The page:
Updated October 5, 2015
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Plans change and this page contains speculation; proceed at your own risk.
Lancia will not be used outside of Italy in the future, according to Sergio Marchionne. Chrysler minivans may use Fiat badging, stand as Chryslers, or just leave Europe.
RVC wrote some time ago, “This new D architecture is a joint project, developed in Detroit [Auburn Hills] with embedded Fiat engineers [despite the “Giorgio” name which indicates pure Italian development] ... Having a rear wheel drive architecture is costly, and took two years of tinkering between finance and marketing.” This matches past statements by Sergio Marchionne and some inside tips. The rear wheel drive midsized setup was officially approved in early 2013.
Update: Later sources said that a shortage of engineers in the United States and the move from a D-segment RWD architecture to a full-range design resulted in Auburn Hills being mainly shut out of the project. Some insiders have said that this is not true and that it is indeed a corporate-wide project. In any case, in this highly flexible range, we expect:
The next Town & Country and a full sized crossover, which we’ll call Pacifica, are based on the CUSW platform used for Cherokee and 200, reportedly with a Durango type suspension. It is allegedly to be close in size to the current Town & Country, so many CUSW parts can't be shared due to the change in width.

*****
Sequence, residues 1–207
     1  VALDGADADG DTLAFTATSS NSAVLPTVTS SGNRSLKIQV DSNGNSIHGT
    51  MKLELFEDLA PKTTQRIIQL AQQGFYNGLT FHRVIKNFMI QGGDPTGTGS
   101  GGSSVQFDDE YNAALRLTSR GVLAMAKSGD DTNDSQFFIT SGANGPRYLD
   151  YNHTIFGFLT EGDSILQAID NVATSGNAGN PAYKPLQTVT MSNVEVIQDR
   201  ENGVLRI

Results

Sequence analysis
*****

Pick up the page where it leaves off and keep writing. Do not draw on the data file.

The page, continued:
We expect the minivans and crossover to have a front wheel drive powertrain with a nine-speed and the 3.6 V6; the AWD setup might use electric motors for the rear. We keep hearing that the old Dodge Caravan will continue alongside the new Town & Country to keep volumes up, until the crossover version is ready. Expect to see the next minivan launch at one of the major American auto shows in 2016 — Detroit or Chicago, most likely.
Chrysler 100 and/or 100C has returned from the dead and is likely to be a true compact, smaller than the current Dart, on the SUSW platform; it appears by name in the plans, and will likely share quite a bit with the Fiat Aegea concept above.
There are rumors of front wheel drive 300s which would share much with the minivans; the logic is that Dodge, as the muscle brand, should have rear drive. Having both front and rear wheel drive large cars was Chrysler’s plan as far back as the creation of the original LH series in the early 1990s, with the original Dodge Intrepid. Making the 300 a huge FWD car would differentiate it from the Dodges, as well as the Alfa Romeos and Maseratis. The car could be built at any of a number of plants, rather than being restricted to Brampton.
A number of other cars were discussed at the 2015 dealer convention.
Minor power increases are being worked on for Viper, with a new Viper ACR replacing the TA, adding downforce and an adjustable suspension. Firepower — a Chrysler badged Viper with no V10 — is still rumor/speculation-only and seems unlikely; the supercharged V8 will not fit.
Maserati has three Chrysler-based vehicles: Quattroporte (extended 300C), Ghibli (sized near Challenger and Charger), and Levante (Ghibli-based). Each uses Maserati engines with ZF eight-speed transmissions, except Ghibli, which has a VM diesel option. See our Maserati page.
JackRatchett did a good job on this one, which was reasonably close to what was produced.
With Alfa Romeo in full swing, Imperial seems unlikely, but who knows?
You can use your own judgment here.
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